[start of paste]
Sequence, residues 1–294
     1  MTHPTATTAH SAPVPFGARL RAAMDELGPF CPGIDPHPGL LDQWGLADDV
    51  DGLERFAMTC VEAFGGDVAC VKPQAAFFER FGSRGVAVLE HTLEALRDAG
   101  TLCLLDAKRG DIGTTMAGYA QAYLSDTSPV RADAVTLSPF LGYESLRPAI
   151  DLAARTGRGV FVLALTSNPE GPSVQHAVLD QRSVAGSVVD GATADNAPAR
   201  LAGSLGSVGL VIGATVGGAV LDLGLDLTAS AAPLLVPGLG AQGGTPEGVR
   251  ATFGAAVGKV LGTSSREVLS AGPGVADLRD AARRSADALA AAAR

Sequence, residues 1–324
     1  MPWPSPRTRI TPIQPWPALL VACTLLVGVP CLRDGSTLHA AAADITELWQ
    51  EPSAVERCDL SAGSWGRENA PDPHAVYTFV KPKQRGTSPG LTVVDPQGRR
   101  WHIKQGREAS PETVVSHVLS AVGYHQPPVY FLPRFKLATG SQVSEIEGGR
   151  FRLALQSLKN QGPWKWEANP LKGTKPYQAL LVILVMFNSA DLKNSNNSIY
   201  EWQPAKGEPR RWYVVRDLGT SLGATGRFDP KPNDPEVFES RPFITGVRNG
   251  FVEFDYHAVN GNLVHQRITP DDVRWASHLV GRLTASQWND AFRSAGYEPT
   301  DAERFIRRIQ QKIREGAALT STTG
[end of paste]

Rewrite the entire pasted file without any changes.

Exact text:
Sequence, residues 1–294
     1  MTHPTATTAH SAPVPFGARL RAAMDELGPF CPGIDPHPGL LDQWGLADDV
    51  DGLERFAMTC VEAFGGDVAC VKPQAAFFER FGSRGVAVLE HTLEALRDAG
   101  TLCLLDAKRG DIGTTMAGYA QAYLSDTSPV RADAVTLSPF LGYESLRPAI
   151  DLAARTGRGV FVLALTSNPE GPSVQHAVLD QRSVAGSVVD GATADNAPAR
   201  LAGSLGSVGL VIGATVGGAV LDLGLDLTAS AAPLLVPGLG AQGGTPEGVR
   251  ATFGAAVGKV LGTSSREVLS AGPGVADLRD AARRSADALA AAAR

Sequence, residues 1–324
     1  MPWPSPRTRI TPIQPWPALL VACTLLVGVP CLRDGSTLHA AAADITELWQ
    51  EPSAVERCDL SAGSWGRENA PDPHAVYTFV KPKQRGTSPG LTVVDPQGRR
   101  WHIKQGREAS PETVVSHVLS AVGYHQPPVY FLPRFKLATG SQVSEIEGGR
   151  FRLALQSLKN QGPWKWEANP LKGTKPYQAL LVILVMFNSA DLKNSNNSIY
   201  EWQPAKGEPR RWYVVRDLGT SLGATGRFDP KPNDPEVFES RPFITGVRNG
   251  FVEFDYHAVN GNLVHQRITP DDVRWASHLV GRLTASQWND AFRSAGYEPT
   301  DAERFIRRIQ QKIREGAALT STTG